For thousands of children, Christmas is not a happy and magical time.
Here we look at two families with adopted children, for whom the festive season can prove difficult.
Frances Hurley, from Chesterfield, said her adopted daughter packed her things and walked out during their second Christmas together. She was seven years old.
"She got on her [hobby] horse, got her Barbie suitcase, put her pillow inside it, went out the front door and said 'I am leaving. I am going back to where I came from'. She had no shoes on.
"I let her go as far as the lamp post, which was about 50 yards away, and she kept looking back to see if I would come and get her.
"She came back, and that was a turning point. She knew I really loved her."
Tiffini lived with her birth parents until she was three, and then spent three years in foster care, before being adopted.
Mrs Hurley said she remembers their first Christmas together in 2004, only two months after Tiffini came to live with her.
"She came quite traumatised. We did not do a lot that Christmas because she was in a state of upset all of the time. I was on my own and I was single. She just wanted to get back to her birth mother.
"She went through a lot of pain. She wanted to be that girl that was traumatised and abused... she did not care. She wanted to go back."
One of Tiffini's ways of coping with the festive season was to misbehave, said Mrs Hurley.
"She did not want to throw away any wrapping paper and boxes. I think it was a way for her to have some sort of control over Christmas.
"At new year she would sit on the stairs and cry."
Tiffini, now 20, said: "I was in a strange situation. I was sad, angry and I shouted a lot. I just wanted to be back with my other family - the family I knew. I was quite hard on my poor mum. I really did not want to know her. I would say 'you took me away from my family. I hate you'".
Dr Sue Armstrong Brown, chief executive of Adoption UK, said that children with experiences of neglect or abuse can find that the Christmas themes of belonging, generosity and togetherness trigger their past trauma all over again.
"Also, the all-pervasive mantra of being nice rather than naughty as a guarantee of good things just erodes the already shattered self-esteem of children, who believe they are unworthy of love because they didn't receive wholesome love in their early years."
Things began to get better for Tiffini three years ago when she had contact with her birth brother.
"I invited him over that year around Christmas-time and it made her feel a bit more whole," said Mrs Hurley.
Tiffini also said that "hitting a certain age" had made her more appreciative of the stable home life her adoptive mother had given her.
Recently, the pair moved house, but didn't have time to buy a Christmas tree.
Mrs Hurley said Tiffini told her: 'We don't need a tree - we have each other'."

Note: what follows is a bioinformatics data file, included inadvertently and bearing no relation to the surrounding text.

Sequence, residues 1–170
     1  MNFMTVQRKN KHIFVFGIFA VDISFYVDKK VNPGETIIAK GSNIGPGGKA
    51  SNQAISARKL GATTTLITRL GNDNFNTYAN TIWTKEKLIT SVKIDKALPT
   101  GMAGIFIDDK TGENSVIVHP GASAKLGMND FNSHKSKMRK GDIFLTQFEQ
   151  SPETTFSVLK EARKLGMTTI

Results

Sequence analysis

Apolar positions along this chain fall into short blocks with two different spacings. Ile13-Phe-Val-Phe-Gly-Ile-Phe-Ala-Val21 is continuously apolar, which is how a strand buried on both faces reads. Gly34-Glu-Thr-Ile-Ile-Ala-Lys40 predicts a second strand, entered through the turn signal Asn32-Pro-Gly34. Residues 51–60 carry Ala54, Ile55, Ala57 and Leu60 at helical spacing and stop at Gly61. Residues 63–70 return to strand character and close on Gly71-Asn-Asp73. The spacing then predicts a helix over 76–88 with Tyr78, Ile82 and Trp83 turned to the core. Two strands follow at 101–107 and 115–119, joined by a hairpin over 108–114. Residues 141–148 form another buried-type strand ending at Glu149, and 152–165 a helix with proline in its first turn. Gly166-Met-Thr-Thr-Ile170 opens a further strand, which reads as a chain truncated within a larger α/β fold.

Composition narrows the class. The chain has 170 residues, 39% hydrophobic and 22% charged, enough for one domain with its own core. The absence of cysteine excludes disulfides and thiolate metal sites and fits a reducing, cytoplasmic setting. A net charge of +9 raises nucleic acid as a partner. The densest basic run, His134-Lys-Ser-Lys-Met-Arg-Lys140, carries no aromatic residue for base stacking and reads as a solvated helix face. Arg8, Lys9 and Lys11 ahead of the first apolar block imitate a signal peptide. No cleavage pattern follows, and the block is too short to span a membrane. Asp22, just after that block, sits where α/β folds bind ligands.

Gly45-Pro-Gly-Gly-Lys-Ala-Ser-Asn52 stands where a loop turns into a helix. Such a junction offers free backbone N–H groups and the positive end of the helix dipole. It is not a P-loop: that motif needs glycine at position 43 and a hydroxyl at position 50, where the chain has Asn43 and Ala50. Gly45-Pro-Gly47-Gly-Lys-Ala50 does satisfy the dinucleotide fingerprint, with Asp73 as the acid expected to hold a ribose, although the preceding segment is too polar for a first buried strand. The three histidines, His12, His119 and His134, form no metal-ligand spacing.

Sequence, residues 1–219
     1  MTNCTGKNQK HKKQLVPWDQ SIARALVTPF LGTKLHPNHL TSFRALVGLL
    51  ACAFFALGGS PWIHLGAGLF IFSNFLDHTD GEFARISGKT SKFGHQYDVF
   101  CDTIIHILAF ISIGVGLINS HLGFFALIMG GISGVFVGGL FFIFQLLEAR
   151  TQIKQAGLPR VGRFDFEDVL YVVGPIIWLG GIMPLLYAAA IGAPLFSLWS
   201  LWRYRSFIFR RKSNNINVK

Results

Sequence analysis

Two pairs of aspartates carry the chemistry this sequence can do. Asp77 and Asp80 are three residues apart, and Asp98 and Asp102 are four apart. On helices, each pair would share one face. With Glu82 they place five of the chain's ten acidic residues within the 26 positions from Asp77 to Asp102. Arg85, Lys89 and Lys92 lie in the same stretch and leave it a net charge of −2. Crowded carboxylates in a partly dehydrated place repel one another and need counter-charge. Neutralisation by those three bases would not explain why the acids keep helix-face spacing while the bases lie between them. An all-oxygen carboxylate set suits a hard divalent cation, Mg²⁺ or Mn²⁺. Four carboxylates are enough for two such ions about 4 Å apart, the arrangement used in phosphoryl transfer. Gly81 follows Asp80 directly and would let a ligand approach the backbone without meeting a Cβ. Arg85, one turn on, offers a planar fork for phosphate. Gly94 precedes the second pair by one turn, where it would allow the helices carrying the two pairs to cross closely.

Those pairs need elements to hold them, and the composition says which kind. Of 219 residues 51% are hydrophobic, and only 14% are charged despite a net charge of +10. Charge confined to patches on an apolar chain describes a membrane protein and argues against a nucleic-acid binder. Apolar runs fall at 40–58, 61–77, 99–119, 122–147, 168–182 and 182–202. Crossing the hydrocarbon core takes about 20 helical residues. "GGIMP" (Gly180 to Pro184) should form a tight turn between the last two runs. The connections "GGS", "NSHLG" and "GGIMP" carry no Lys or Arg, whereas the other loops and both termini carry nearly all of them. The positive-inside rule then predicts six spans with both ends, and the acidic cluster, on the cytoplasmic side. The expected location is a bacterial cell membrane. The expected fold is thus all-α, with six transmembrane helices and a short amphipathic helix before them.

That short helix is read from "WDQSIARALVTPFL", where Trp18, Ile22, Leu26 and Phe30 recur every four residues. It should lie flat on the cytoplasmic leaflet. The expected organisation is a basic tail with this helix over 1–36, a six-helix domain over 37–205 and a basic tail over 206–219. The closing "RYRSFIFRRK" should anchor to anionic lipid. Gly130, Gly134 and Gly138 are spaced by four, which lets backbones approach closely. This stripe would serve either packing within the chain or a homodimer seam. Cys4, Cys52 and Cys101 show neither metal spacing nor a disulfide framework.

For single mother Claire from Newcastle-upon-Tyne, Christmas is also emotionally difficult - and coping with festive traditions can prove particularly challenging.
The 35-year-old has two adoptive daughters - Annie, aged four, and one-year-old Alice.
Annie has foetal alcohol syndrome which means she displays some quite difficult behaviour which is linked to sensory issues.
"She found her first Christmas difficult even though she was very young," Claire said.
"Things were overwhelming, especially the noise of Christmas. She's also scared of Santa and finds it hard to cope.
"With Santa, the idea of a strange man coming into her house when she has not had a good start in life and things have been unsettled, is quite scary for her."
For this reason, Claire decided "not to do Santa" - she said it was clear this would not be beneficial for Annie.
She added: "It is a great time of year for children, but not all children can cope. It would be nice if people not in adoption circles were aware."
Claire said it is not helpful when strangers come up to Annie asking if Santa is coming to her house.
"I know people mean well and are trying to engage, but every time it happens it sets off her anxiety because she is scared of this man."
Also, Claire said she wants Annie to know she always tells her the truth. She thinks this is important for when Annie starts to ask difficult adoption questions.
"It is a controversial one, but I think it is important when I have a child like mine that we keep reality and fantasy separate."
She said to help Annie cope with Christmas, she tries to keep things low key.
"It is more crowded [at Christmas], noisy, everything is different. We do participate in Christmas things, but it's difficult for her to enjoy.
"She becomes really cuddly at Christmas time and more unsettled and anxious. She's affected by change because she has come from so much upheaval."
On Christmas Day, Claire's parents will visit, but only for breakfast. Claire said she comes from a family which celebrates Christmas in a big way, but knows this is not right for her girls.
"I don't see the point of doing something you think you should when it just causes stress and anxiety."
If you need advice about any of the issues in this article, you can visit Adoption UK's website.